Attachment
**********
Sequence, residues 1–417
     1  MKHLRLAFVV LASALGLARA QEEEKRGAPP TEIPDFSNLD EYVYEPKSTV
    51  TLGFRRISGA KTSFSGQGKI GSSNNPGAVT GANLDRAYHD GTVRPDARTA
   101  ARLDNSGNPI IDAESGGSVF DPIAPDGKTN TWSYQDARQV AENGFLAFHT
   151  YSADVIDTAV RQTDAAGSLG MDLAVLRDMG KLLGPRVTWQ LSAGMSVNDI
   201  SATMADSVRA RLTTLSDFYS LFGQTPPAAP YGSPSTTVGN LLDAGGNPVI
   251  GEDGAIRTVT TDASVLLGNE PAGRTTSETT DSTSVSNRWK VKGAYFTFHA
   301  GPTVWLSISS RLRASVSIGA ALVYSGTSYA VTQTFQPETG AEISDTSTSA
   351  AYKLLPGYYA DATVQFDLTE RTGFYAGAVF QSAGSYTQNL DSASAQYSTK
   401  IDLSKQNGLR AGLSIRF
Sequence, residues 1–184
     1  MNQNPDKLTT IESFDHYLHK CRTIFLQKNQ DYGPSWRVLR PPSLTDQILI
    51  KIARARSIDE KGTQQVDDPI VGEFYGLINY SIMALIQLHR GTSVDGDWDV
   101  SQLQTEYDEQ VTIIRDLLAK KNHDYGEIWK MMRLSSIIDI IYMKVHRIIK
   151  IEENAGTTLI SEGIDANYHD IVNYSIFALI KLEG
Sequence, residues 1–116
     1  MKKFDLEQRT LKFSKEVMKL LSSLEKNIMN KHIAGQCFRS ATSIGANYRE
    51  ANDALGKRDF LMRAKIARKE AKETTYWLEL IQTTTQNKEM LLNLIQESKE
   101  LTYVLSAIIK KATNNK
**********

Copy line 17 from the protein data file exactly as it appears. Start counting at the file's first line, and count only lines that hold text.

     1  MKKFDLEQRT LKFSKEVMKL LSSLEKNIMN KHIAGQCFRS ATSIGANYRE